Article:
there was no description of issues from the parent's perspective and no solutions were offered to the parents
struggling with these issues, aside from getting counseling. I am a high functioning parent with PTSD; I have
been working with a therapist for almost 8 years and have learned many coping strategies, and I was still left
feeling hopeless and with the thought that I was traumatizing my children daily. So, I wanted to offer the
perspective of the parent with PTSD and some tips that I have picked up over the years for minimizing the impact
that my disorder has on my children.
I was diagnosed with PTSD in March of 2006. I spent almost a year, in which I couldn't leave the house alone at
all, and many days I couldn't leave the house even with a trusted friend. I began therapy [cognitive behavioral
therapy] and was started on an anti-depressant and anti-anxiety medication. As a career artist and illustrator, I
worked through the underlying traumas with artwork and a book. For me, it really helped to find a way to use these
horrible images and feelings to create something "beautiful" and useful. I created a large solo show of these
works and it was displayed at a prominent local gallery in December of 2006. The day after we took the show down,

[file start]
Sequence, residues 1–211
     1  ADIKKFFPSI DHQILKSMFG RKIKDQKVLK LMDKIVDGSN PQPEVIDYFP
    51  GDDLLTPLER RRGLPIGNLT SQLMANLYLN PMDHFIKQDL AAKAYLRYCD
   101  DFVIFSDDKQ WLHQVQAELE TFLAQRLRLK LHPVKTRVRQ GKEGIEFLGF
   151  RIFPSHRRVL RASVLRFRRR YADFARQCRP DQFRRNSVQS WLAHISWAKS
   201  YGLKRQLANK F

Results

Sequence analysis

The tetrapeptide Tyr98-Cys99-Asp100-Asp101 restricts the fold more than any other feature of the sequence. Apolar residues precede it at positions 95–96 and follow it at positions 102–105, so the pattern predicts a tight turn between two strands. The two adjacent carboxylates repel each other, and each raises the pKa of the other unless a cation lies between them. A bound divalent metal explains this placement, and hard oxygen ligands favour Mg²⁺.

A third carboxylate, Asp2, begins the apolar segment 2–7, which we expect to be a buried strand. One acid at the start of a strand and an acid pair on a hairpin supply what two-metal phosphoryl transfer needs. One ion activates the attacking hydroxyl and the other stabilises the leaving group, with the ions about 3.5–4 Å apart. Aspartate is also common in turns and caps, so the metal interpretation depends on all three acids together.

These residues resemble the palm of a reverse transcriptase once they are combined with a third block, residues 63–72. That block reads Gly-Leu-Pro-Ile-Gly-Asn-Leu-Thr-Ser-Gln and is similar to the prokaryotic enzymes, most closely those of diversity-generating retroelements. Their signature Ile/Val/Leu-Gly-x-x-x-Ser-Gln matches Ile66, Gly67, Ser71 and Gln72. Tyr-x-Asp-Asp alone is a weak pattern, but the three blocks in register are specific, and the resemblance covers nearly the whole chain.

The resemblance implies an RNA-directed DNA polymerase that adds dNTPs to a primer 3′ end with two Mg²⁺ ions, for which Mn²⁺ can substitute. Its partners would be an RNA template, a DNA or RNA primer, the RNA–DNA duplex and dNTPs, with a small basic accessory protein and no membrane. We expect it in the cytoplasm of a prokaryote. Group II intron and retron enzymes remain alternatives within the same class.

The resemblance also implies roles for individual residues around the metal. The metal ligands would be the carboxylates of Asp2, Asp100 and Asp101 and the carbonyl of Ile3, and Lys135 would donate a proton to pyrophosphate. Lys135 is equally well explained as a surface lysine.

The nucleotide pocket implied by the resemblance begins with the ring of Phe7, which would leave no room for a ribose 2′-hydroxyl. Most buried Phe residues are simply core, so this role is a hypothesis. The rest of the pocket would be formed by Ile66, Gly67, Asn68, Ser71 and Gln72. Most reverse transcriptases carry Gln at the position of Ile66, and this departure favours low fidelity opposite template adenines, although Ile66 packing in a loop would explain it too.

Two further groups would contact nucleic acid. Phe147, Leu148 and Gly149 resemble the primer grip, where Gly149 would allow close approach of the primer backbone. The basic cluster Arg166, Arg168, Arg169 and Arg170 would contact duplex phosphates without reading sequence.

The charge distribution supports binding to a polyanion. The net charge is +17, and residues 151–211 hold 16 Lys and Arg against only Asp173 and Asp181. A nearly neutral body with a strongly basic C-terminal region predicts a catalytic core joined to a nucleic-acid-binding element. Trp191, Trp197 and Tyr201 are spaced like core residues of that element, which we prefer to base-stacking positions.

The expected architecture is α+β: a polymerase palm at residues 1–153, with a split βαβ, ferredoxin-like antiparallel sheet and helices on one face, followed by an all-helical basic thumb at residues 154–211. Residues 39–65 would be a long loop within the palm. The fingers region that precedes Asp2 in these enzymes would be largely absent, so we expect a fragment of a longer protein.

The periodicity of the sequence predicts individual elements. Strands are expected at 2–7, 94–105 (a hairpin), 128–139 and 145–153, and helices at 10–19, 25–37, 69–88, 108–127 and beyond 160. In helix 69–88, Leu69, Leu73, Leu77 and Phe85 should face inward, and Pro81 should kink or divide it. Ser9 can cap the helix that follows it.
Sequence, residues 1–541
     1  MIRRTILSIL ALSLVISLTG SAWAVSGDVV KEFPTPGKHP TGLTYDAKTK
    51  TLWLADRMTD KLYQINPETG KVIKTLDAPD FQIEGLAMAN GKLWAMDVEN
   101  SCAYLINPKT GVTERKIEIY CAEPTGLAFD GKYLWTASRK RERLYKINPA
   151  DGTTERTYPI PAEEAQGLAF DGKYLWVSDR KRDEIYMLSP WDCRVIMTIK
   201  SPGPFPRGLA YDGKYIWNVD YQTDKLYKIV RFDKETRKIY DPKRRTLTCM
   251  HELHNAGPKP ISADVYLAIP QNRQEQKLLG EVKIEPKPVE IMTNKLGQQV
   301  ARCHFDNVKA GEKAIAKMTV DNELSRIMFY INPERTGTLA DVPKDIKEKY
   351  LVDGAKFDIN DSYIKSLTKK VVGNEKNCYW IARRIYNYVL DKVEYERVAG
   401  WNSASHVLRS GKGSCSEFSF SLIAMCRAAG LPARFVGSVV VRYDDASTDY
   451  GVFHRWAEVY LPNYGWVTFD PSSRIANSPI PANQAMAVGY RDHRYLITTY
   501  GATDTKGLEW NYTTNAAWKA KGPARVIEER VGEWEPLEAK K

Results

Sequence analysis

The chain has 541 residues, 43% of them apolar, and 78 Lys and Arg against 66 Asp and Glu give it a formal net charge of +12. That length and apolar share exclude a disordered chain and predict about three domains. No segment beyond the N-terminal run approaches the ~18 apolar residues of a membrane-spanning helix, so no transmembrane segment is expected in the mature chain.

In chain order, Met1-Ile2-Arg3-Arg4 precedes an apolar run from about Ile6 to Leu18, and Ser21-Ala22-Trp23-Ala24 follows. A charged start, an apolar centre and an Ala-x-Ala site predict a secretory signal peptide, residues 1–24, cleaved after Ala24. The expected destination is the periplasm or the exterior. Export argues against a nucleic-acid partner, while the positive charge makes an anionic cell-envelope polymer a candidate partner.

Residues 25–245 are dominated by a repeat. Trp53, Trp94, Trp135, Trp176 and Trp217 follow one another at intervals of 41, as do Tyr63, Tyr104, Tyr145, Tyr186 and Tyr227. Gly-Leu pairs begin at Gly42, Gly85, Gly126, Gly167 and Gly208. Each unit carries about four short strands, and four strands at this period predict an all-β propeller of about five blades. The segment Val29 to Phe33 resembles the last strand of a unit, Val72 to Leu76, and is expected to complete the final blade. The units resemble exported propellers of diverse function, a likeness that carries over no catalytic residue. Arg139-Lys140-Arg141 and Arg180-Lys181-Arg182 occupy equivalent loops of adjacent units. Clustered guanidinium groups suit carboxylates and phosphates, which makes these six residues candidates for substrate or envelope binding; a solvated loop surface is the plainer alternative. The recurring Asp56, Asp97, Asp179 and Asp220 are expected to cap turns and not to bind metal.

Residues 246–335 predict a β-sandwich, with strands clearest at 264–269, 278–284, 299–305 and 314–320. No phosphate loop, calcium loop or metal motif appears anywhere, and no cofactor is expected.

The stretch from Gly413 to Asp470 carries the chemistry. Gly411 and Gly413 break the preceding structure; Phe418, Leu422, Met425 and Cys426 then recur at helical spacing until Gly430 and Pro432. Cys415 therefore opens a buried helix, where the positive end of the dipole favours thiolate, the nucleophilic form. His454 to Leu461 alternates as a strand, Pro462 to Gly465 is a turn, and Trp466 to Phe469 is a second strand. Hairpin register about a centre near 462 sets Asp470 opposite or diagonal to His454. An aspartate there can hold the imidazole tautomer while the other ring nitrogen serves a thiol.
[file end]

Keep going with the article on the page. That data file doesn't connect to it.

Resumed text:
I was re-victimized and it seemed as though all the progress I had made had disappeared and I was actually in a
worse spot than before. It took me years of suicidal thoughts, flashbacks, alcoholism, therapy, medications,
journaling, meditation, searching, different professionals, and finally becoming pregnant and getting sober to get
back to a place where I was starting to heal again. My son saved my life. But my children aren't enough to get me
better. Unfortunately, and even cruelly, sometimes, my children trigger the lingering symptoms I have from these
traumas and that is a unique horror in itself.
There have been times, as a parent, when my depression became overwhelming. It was hard to function, even harder
to keep a smile on when Bambino was around. I really tried, knowing that it hurt him to see his mama like that,
but some days it was too much. I can't take my children places like theme parks, Chuck E Cheese, and would love to
be able to veto trick or treating on Halloween. I have had days in which I couldn't manage a trip to the park
because of the fear and anxiety. Days in which I couldn't manage a trip to the grocery store for milk. Luckily, I